Virtual reality or virtual realities (VR), also known as immersive multimedia or computer-simulated reality, is a computer technology that replicates an environment, real or imagined, and simulates a user’s physical presence and environment in a way that allows the user to interact with it. Virtual realities artificially create sensory experience, which can include sight, touch, hearing, and smell.
“Virtual Reality“, generally termed as VR is an entire content track at Google I/O this year, with seven sessions dedicated to virtual or augmented reality. The most ominous session is titled “Google’s Vision for Virtual Reality.” The session description is a single sentence, promising to cover “what we have built, what we have learned, and where we are headed.” Google I/O session descriptions are usually a full paragraph, so the ones with really vague, short session descriptions suggest that Google is trying to avoid spoilers. Clay Bavor, the head of Google’s new “Virtual Reality” division, will lead the talk.
I/O 2016 (Virtual Reality) : Google is slowly building up a large presence in Virtual Reality. The company already makes a Virtual Reality painting app called “Tilt Brush,” which our own Sam Machkovech called a “killer app” for the HTC Vive. It supports “Virtual Reality Videos” on YouTube with 3D, 360-degree video formats. Google Cardboard is the company dipping its toes into the Virtual Reality space with the cheapest possible platform—a smart phone in a cardboard box. It acquired Thrive Audio, a positional 3D audio company, and has integrated some VR features into the latest version of Android N. Inside the company, some of the most important employees have moved to the VR team, like the former lead designer of Google Search, Jon Wiley, and Alex Faaborg, the former lead designer for Firefox, Google Now, and Android Wear. And supposedly this is just the tip of the iceberg. Google is rumored to be building a VR interface for Android, a standalone VR headset, a Gear VR competitor, and custom So Cs aimed at VR and AR.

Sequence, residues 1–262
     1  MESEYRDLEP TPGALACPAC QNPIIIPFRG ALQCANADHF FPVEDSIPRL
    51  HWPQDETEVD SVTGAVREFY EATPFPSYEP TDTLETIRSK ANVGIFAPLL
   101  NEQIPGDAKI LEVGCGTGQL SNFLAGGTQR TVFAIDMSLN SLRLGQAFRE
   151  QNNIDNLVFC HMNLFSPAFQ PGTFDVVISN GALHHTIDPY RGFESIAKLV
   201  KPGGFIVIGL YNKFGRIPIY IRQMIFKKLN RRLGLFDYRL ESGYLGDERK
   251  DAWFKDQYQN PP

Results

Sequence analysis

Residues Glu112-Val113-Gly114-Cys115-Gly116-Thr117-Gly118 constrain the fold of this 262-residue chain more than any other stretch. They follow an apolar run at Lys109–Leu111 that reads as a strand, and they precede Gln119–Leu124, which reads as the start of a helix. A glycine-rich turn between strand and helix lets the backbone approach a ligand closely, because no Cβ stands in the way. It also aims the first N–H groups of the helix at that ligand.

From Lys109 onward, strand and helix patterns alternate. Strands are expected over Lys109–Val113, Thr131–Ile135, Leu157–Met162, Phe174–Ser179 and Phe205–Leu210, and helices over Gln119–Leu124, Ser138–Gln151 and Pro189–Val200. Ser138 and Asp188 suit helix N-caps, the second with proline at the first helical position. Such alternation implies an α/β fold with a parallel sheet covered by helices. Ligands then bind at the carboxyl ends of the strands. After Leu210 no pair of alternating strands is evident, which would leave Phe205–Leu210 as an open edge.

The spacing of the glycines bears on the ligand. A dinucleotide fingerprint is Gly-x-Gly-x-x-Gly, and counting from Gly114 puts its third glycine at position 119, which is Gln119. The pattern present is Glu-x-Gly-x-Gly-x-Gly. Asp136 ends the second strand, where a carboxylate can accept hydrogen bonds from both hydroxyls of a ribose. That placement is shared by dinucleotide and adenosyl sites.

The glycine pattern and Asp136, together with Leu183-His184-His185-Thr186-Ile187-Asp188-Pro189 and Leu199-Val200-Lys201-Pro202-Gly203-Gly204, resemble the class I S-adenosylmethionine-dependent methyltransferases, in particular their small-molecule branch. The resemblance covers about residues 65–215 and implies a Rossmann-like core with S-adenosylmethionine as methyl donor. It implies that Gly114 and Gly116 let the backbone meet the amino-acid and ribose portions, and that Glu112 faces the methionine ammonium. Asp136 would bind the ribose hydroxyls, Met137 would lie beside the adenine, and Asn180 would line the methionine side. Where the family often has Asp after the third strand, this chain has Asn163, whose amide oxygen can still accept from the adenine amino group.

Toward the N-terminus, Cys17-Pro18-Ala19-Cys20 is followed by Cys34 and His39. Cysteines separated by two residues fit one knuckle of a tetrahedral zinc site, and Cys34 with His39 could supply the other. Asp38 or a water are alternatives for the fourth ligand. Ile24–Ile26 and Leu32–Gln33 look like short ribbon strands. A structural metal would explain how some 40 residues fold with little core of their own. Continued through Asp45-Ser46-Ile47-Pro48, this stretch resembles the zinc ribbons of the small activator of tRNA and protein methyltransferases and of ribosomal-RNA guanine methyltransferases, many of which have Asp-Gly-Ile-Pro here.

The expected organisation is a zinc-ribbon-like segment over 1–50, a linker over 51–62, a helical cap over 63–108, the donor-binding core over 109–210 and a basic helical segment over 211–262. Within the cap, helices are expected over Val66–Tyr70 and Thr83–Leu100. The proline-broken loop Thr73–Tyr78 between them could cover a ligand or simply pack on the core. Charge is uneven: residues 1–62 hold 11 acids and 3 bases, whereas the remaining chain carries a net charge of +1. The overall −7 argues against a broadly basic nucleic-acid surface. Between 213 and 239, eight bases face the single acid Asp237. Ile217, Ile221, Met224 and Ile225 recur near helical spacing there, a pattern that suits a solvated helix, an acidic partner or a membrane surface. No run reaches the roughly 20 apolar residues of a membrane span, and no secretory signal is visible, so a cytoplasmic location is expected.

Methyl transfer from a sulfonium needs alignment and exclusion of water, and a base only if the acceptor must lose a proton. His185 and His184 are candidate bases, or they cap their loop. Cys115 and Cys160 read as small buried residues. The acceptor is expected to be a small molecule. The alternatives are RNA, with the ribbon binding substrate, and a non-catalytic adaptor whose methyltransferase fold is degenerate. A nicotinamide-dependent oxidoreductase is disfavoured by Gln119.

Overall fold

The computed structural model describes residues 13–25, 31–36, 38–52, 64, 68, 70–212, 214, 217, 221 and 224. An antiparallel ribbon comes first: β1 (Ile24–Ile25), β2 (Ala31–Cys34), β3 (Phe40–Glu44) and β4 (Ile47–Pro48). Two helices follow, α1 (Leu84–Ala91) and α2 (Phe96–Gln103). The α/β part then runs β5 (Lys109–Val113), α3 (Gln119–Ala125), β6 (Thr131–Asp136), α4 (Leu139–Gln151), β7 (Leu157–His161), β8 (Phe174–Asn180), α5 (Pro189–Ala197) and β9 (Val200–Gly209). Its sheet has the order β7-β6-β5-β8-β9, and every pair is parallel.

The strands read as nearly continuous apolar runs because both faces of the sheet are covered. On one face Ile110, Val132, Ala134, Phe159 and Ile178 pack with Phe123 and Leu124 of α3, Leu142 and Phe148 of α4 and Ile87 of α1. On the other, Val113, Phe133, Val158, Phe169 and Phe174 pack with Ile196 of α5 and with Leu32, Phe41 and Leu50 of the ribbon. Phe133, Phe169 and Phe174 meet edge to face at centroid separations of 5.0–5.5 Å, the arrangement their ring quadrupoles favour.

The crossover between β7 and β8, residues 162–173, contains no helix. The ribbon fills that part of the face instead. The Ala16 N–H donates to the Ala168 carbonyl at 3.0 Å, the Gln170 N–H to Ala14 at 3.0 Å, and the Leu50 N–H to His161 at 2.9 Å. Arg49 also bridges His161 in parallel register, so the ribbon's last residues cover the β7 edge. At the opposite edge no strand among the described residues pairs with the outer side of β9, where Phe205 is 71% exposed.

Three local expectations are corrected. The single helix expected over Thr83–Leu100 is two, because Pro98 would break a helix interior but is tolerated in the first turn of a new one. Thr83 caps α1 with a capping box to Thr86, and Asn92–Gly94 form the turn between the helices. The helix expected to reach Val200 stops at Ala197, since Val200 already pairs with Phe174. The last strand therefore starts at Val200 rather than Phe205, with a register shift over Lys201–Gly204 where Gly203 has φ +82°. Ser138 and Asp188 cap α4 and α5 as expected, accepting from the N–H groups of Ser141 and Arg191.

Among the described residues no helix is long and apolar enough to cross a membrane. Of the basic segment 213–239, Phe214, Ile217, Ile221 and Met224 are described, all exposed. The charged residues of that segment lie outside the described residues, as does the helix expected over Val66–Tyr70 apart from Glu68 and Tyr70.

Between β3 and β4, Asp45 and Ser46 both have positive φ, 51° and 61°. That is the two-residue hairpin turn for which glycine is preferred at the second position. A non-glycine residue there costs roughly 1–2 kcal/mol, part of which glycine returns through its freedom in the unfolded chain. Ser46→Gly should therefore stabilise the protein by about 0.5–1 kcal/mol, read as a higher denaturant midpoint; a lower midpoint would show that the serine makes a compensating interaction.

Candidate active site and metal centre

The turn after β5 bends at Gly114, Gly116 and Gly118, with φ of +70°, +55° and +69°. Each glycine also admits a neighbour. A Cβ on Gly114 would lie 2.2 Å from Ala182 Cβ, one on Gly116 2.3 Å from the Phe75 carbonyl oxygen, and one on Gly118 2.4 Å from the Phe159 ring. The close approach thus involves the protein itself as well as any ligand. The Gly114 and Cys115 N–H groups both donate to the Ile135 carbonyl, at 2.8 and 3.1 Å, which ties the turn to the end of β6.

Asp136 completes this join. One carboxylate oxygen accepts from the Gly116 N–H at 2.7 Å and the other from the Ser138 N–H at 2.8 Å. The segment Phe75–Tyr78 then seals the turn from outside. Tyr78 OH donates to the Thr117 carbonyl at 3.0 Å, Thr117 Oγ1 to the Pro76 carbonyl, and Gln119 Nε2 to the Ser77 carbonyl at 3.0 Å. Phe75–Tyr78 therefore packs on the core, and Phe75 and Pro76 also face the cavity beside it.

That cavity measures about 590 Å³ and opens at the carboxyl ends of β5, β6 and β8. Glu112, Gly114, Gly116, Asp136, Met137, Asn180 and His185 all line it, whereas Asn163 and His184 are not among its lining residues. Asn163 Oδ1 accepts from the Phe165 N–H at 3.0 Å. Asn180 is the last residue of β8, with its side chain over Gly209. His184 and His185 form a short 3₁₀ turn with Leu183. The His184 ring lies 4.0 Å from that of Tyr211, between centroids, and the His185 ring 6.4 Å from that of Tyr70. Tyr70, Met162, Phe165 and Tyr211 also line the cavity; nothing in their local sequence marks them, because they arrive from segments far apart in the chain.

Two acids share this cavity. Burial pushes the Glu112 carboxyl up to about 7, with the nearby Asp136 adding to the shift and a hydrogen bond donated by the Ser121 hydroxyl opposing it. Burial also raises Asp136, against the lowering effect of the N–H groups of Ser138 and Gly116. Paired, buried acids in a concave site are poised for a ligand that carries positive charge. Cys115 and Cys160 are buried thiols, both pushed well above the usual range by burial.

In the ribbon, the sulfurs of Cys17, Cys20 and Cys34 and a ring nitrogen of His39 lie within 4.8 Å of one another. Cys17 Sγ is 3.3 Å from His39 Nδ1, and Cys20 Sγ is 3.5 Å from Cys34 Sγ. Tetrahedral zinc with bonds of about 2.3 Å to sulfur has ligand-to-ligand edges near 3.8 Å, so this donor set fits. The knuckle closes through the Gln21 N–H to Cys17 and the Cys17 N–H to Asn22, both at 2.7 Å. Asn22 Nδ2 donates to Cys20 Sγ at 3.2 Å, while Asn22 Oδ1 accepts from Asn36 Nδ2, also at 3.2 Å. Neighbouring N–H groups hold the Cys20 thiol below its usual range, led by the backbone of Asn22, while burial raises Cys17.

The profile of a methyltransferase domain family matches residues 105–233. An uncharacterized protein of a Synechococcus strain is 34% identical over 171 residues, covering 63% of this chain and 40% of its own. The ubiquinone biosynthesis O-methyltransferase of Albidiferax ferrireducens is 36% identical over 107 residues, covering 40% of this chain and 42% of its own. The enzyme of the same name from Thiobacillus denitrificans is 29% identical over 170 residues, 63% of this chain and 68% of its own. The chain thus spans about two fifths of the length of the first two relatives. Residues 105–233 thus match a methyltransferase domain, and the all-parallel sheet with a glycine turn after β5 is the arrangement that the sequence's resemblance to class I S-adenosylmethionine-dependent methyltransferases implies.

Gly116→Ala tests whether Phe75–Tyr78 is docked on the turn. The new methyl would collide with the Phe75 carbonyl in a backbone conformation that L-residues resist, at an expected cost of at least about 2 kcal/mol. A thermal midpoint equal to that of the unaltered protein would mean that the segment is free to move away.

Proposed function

Several other sessions are dedicated to Project Tango, Google’s 3D-sensing augmented-reality capable smart phone. The company already announced the Lenovo would be building the first consumer Project Tango device, with a release in “Summer 2016.” Judging by the I/O schedule, we’ll take a guess and say that Lenovo’s Project Tango phone will be the I/O freebie device that all the developers get to take home.
Virtual Reality Talks: At I/O, there’s a “What’s New with Project Tango” session that promises to “explore the vision of Project Tango and how it will come to life with the launch of our first consumer phone.” That sounds like we’ll at least get a live demo of what the Lenovo hardware looks like and what it can do. The “Introducing Project Tango Area Learning” talk says the device can “remember the space around you.” Tango’s sensors can scan a room and create a 3D model. By saving this information, developers will be able to “attach virtual objects to the world,” and “design multiplayer experiences and know the exact location of each player.”
There’s a whole Tango session dedicated to gaming called “6 Degree of Freedom Gaming in Android with Project Tango,” and there will be a “Project Tango Developer Panel” where people can fire questions at experienced Tango developers.
As for Android, there will still be the usual crowd pleasers “What’s new in Android” and “What’s new in Android development tools,” but with the launch of the Android N Developer Preview in March, we aren’t expecting many surprises.